Understanding Reno's "Fire Divorce"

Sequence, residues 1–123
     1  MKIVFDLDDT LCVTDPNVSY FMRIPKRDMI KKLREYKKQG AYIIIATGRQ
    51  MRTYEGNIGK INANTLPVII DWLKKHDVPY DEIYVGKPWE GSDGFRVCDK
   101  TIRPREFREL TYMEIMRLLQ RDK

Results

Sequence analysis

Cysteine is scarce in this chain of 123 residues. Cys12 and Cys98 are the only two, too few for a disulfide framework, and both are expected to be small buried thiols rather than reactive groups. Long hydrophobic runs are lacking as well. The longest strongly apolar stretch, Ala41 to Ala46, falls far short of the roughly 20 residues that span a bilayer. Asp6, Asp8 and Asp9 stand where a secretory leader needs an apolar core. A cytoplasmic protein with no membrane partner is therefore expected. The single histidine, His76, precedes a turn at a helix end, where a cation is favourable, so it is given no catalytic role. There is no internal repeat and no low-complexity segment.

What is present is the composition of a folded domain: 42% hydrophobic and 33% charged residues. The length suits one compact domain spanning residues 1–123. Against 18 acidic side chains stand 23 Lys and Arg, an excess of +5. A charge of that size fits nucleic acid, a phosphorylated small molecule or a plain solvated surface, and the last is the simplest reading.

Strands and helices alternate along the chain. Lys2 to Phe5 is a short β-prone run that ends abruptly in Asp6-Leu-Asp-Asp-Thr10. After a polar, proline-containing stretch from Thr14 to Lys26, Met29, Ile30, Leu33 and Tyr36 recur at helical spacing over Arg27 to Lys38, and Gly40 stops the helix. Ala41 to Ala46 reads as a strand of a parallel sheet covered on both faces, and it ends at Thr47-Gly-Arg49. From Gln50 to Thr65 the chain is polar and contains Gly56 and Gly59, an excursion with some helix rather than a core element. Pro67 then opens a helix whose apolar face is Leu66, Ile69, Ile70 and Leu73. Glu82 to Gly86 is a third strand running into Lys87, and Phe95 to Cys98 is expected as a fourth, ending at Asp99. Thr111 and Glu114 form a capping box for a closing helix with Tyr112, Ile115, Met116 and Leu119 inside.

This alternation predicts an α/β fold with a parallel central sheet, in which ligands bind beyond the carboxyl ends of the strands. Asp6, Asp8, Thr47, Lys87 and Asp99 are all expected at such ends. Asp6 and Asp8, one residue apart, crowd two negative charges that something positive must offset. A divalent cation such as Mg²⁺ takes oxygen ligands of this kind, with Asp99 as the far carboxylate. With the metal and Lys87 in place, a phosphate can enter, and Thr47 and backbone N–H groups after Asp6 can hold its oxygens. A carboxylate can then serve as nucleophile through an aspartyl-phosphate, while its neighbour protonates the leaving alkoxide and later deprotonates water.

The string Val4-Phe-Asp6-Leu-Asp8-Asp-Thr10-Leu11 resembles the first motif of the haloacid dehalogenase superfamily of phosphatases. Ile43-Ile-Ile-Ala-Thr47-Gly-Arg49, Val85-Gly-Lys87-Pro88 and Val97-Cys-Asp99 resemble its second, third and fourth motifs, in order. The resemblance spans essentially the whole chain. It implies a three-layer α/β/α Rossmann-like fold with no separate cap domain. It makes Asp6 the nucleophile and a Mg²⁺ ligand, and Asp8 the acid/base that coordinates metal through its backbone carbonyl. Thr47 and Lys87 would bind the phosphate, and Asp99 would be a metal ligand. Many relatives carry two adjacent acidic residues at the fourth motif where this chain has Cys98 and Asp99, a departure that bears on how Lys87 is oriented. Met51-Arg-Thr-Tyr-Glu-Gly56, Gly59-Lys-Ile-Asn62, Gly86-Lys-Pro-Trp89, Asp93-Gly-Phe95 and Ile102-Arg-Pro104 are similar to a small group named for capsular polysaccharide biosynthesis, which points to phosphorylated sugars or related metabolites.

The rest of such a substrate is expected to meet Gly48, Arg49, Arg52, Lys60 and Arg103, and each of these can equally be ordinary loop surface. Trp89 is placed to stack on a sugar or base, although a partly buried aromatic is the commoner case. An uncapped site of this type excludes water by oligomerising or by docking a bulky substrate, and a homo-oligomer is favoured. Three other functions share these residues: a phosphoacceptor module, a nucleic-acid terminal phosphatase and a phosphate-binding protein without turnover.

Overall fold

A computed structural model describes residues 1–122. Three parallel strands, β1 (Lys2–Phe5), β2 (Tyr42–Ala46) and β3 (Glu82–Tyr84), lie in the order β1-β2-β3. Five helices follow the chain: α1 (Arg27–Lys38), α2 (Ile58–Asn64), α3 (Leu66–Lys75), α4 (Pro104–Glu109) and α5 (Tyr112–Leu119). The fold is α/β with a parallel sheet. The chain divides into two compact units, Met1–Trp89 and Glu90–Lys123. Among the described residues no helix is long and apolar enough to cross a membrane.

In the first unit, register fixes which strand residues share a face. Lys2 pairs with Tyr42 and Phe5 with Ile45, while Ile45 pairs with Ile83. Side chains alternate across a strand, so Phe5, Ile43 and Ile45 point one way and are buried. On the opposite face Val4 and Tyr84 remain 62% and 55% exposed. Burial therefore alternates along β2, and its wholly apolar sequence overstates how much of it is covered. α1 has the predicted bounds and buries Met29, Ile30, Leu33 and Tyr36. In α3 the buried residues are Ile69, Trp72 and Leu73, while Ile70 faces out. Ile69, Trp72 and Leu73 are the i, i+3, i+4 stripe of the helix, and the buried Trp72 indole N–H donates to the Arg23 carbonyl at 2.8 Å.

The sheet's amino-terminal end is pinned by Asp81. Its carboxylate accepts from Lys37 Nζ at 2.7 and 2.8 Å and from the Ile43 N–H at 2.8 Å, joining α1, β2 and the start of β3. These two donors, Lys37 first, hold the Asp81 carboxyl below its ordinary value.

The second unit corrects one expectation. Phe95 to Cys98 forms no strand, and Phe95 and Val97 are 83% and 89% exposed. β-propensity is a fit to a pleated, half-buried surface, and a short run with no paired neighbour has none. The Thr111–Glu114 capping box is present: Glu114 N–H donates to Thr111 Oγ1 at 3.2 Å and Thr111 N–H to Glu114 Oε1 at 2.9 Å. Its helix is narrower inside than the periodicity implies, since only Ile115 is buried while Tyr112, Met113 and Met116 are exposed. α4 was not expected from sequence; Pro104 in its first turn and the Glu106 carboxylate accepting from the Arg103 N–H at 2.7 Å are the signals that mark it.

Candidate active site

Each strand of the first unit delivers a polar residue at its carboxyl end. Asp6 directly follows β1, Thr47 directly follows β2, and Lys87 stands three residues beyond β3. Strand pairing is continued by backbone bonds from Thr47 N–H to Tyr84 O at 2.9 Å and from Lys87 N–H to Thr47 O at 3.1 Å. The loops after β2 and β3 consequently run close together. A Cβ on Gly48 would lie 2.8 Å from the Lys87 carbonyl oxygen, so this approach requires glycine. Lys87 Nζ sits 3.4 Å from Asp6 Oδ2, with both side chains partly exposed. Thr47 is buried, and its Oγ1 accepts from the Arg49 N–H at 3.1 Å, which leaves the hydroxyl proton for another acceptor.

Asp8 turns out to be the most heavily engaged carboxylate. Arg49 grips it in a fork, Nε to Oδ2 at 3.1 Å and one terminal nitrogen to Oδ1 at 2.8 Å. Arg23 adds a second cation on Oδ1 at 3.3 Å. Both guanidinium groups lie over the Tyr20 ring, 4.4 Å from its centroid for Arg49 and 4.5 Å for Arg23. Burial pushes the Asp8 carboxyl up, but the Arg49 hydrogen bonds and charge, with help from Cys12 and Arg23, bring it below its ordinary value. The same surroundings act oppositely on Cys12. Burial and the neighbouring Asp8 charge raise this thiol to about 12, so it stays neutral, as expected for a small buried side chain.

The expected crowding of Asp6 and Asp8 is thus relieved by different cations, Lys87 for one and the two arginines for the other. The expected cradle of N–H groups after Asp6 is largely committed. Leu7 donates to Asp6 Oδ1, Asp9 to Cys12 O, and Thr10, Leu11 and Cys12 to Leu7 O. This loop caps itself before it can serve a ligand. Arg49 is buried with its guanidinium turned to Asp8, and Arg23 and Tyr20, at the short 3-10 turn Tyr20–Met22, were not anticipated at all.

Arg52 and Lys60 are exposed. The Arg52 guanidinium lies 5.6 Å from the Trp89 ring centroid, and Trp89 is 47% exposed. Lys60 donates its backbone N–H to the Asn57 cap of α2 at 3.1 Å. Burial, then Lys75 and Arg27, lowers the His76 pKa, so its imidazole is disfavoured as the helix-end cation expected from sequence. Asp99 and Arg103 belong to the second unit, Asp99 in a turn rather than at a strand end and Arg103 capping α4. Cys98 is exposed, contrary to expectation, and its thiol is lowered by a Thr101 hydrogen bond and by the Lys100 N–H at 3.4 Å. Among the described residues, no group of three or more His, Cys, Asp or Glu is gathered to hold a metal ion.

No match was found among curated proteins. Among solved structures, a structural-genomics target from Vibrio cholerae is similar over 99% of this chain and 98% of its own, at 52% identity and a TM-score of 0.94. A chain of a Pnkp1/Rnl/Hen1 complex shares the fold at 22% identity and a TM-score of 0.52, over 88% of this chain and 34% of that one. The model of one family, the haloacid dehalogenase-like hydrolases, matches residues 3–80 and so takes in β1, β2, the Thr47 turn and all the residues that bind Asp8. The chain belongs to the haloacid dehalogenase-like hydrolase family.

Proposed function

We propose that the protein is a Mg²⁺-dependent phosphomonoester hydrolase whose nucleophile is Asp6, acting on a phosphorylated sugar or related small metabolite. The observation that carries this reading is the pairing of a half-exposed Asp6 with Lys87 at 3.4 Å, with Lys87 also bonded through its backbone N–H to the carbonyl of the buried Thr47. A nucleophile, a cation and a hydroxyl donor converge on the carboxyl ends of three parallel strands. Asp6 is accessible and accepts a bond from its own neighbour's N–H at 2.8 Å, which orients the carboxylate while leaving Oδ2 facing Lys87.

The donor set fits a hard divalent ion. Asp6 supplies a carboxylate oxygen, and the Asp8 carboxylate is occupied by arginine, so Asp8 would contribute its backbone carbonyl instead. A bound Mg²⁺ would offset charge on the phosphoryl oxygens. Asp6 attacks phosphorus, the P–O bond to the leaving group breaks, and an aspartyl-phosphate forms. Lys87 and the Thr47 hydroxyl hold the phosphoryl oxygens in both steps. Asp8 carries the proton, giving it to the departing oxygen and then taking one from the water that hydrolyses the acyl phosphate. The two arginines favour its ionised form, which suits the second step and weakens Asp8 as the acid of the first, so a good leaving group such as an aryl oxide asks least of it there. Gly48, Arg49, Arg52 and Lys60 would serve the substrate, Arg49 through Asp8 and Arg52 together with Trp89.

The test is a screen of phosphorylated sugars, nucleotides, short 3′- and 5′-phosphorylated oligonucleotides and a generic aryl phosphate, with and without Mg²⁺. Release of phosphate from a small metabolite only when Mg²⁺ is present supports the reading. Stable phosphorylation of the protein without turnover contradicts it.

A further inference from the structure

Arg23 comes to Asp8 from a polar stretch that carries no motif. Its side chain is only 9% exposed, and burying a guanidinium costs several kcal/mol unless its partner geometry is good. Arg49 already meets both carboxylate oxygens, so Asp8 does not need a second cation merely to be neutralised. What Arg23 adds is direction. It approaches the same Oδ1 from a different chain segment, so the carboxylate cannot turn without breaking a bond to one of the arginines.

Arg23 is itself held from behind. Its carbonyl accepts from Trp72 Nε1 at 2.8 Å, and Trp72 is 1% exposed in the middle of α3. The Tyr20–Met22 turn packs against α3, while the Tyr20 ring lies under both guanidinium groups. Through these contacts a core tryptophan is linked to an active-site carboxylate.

On April 2, city and county officials are scheduled to meet to discuss the status of the potential split between the City of Reno Fire Department and Washoe County's Truckee Meadows Fire Protection District. It's the latest in nine months of trying to resolve how fires in the region would be handled. It's a dispute with multiple sides and plenty at stake. And as KUNR's Kate McGee explains, it's a situation that can be best explained when compared to a divorce. Anatomy of a Divorce: A Timeline 1991 - Going SteadyCity and County begin "dating," entering into "automatic aid agreement." In other words: They agree to help each other should a fire break out. 2000 - Getting HitchedCity and County "marry" their fire services under the Inter-Local Agreement for Fire Service and Consolidation. All county fire fighters become city fire fighters. Nine years of cooperation and savings ensue. 2009 - This Isn't WorkingAs the economic crisis looms, declines in property taxes and sales taxes cripple the county, which draws funds for fire services from those sources. June 28, 2011 - The Break UpCounty tells the City "were breaking up," and wants out of the Inter-Local Agreement, giving the City one year notice it's required. Feb. 2012 - Let's Try to Make This WorkRepresentatives from both sides devise the Regional Plan, aimed at combining City and County fire agencies into one big regional fire department. March 2012 - That's Not Good EnoughCounty rejects the Regional Plan because it would've had them dip into its reserves to fill a $2.1 million budget gap. March 2012 - What I Need to Be HappyCounty comes up with its own Plan A and even a Plan B, in case the city rejects Plan A. April 2, 2012 - Meeting Face to FaceCity and County officials meet to discuss the plans. July 1, 2012 - UltimatumDeadline for action. If no new agreement is reached, the two sides split and must provide services on their own.